Home News Guide to the 2013 Maestro Collection

Guide to the 2013 Maestro Collection

written by Team Rider March 18, 2013

For over 10 years now, Bustin Boards has been making longboards. The roots of this company have always stemmed from the desire to create alternate forms of transportation that are both unique and fun. A few years back, we came the board that inspired a movement later coined as “push culture.” We took our mold with forward camber and overall rockered design and cut out a sexy, twin kicked, drop-through deck that was super low to the ground, totally unique, and fun to ride. This became the Maestro board, and it’s STILL one of our most popular decks week in and week out.

Vera Maestro

So what’s new, you ask? Let’s start with what changed the most. The MaestroPRO is the newest edition of the Maestro family and has replaced the Maestro FG (fiberglass). Many daily commuters have been daily commutin’ for quite some time now, and they’ve either already moved on to more technical boards and ride their Maestros just for a good comfy push, or they’re yearning for a similar feeling deck that will help them take their riding to the next level. Well, friends, this is the deck that can just about do it all.

Designed with a gentle camber in the center, an overall rockered platform with varying concave to provide flex in parts of the deck and stiffness where you need it. The overall mold is as bacon as it gets:

MaestoPRO Mold

But every curve has been designed with the final shape in mind. The final product provides some of the classic feel of the original Maestro with a more versatile symmetrical shape, foot locking 3D at the edge of the deck that works with the mild wedging to lock in on slides, serious concave around the neck to provide stiffness and strength, and a radial tail that keeps the tails stiff and strong despite being significantly larger than earlier models.

MAESTROPRO Money

There are two mounting options on the new MaestroPRO. We did this to offer riders more options to hone in the flex or add obscenely large wheels (we see this out of many commuters who want to roll over everything in their path). On the inner hole pattern, you can easily fit Randals, Paris, or Bear trucks and 70mm wheels with room for 75mm depending on bushing choice. This deck feels very lively with 50 degree trucks because of an 8 degree wedge on either side of the board. This was done to keep the lively feel of the original Maestro but functions very nicely by bumping down the truck angle to a 40 to 45. Randal 42s, Paris 43s, Bear 40s, and Ronins 42.5 degree trucks will all function very nicely on this deck. We set out MaetroPro up stock with Paris 50 degree trucks and 72mm Five-O wheels. The board is super responsive, fun to ride, and slides like a dream with this setup.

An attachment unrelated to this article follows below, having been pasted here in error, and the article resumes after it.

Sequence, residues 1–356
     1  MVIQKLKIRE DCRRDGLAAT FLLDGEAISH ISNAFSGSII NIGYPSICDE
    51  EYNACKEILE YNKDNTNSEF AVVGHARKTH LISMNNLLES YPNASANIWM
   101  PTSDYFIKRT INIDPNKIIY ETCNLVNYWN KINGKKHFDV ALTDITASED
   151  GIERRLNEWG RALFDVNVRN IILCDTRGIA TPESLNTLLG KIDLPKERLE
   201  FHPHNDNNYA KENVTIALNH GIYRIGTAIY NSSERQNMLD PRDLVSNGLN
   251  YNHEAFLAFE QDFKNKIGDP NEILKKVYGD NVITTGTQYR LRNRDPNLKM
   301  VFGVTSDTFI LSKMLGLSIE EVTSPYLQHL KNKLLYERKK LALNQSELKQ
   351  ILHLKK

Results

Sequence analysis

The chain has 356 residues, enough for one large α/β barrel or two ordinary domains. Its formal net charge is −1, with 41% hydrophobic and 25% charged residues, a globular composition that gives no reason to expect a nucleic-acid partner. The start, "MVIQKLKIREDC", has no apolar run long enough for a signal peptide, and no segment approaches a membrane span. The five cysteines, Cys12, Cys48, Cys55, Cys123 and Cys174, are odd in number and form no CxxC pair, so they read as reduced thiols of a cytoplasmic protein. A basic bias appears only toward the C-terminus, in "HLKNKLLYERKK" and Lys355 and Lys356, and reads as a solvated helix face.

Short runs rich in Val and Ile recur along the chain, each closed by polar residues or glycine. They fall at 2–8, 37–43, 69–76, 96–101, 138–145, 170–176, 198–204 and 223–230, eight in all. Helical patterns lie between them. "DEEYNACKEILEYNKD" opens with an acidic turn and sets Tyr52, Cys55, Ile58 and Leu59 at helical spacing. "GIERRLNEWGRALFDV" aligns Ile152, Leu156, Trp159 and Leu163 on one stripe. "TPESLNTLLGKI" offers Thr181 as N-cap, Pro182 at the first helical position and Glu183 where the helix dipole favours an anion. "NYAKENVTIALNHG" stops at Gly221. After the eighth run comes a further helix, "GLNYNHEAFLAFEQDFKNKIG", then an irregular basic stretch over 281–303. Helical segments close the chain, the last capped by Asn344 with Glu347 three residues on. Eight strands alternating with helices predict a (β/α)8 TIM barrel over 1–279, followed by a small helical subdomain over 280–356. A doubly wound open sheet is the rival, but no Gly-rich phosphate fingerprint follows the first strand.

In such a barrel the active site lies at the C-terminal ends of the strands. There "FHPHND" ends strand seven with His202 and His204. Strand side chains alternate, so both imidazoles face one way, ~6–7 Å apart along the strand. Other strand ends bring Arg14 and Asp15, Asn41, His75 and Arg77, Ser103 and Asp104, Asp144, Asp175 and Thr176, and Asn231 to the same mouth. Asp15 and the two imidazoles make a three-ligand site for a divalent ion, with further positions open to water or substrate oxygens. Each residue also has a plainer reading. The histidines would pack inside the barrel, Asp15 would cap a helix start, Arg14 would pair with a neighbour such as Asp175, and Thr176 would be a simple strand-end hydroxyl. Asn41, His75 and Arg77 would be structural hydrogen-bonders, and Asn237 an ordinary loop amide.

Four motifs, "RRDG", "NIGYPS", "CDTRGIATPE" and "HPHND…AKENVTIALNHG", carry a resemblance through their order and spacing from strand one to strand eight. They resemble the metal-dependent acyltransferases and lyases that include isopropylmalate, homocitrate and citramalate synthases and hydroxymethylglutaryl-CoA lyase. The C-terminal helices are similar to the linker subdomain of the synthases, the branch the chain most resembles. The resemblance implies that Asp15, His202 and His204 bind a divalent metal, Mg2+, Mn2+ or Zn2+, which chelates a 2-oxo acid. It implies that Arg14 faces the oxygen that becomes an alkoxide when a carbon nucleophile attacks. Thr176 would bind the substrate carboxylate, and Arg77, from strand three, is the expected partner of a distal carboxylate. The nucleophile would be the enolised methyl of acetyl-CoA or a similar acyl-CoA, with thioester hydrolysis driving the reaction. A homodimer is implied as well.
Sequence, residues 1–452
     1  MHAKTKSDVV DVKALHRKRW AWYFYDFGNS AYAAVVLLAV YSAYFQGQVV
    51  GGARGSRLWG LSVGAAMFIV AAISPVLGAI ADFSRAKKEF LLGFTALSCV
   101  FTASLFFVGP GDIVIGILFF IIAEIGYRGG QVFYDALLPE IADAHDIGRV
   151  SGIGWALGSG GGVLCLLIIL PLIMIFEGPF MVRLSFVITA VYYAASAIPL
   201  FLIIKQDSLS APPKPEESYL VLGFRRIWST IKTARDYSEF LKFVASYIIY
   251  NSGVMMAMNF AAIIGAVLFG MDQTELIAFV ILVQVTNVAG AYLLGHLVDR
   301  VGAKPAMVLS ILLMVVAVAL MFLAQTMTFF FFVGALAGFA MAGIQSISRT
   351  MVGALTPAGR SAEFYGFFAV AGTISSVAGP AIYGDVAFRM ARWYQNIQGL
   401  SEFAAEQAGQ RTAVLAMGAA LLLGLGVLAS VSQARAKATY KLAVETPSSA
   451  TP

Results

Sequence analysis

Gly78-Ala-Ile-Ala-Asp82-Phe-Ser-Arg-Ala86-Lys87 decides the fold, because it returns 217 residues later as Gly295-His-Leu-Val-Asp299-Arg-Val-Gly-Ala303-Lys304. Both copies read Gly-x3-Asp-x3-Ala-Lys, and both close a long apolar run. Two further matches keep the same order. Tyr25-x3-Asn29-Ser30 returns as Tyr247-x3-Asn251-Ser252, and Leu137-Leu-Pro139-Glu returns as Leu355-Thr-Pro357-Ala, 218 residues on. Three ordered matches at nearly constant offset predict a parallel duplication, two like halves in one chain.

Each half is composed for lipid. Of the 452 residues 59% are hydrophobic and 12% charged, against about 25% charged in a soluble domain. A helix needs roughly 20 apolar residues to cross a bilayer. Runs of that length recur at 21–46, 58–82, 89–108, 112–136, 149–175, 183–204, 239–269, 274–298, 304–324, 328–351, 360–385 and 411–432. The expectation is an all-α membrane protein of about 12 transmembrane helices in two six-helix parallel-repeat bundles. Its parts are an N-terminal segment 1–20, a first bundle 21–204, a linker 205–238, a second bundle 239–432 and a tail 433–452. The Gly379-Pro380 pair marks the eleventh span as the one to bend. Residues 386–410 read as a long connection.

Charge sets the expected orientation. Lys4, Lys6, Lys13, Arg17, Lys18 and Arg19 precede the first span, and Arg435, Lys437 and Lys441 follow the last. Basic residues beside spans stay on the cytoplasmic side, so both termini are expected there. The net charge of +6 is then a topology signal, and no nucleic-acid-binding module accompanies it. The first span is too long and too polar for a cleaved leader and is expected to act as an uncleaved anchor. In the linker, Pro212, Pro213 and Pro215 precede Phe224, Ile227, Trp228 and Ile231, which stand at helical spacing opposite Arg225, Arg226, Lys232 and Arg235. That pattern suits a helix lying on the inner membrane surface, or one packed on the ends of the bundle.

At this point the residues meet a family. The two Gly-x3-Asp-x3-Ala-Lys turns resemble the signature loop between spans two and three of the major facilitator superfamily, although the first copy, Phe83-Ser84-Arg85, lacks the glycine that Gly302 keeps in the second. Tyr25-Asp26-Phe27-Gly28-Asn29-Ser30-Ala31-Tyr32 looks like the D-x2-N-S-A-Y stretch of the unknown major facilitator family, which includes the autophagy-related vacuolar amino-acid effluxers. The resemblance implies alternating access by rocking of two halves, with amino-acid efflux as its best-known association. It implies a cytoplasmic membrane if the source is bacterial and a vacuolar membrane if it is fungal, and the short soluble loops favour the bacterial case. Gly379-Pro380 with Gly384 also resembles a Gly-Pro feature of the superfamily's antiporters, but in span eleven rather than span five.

MaestroSideBlog

For most riders up to 200 pounds, this deck will have a fun flex that works with your push to provide a more lively ride. For larger riders who do lots of tricks, you may bottom out when landing aerial maneuvers depending on how hard you land on your feet. The sublimated graphic and triaxial fiberglass is tough and will withstand abuse over time, but for the big guys who want to do big tricks, we intend to bring in less flexy options in the future. For cruising and sliding, the flex is ideal for all riders up to 200 lbs. We do not recommend small wheels with this deck. It was designed with 70mm and larger wheels in mind, and because it sits very low with a modest flex, you are much more likely to bottom out with tiny wheels. If you have any questions about the flex, don’t hesitate to give us a call at 1-855-NYC-PUSH or email skate@bustinboards.com.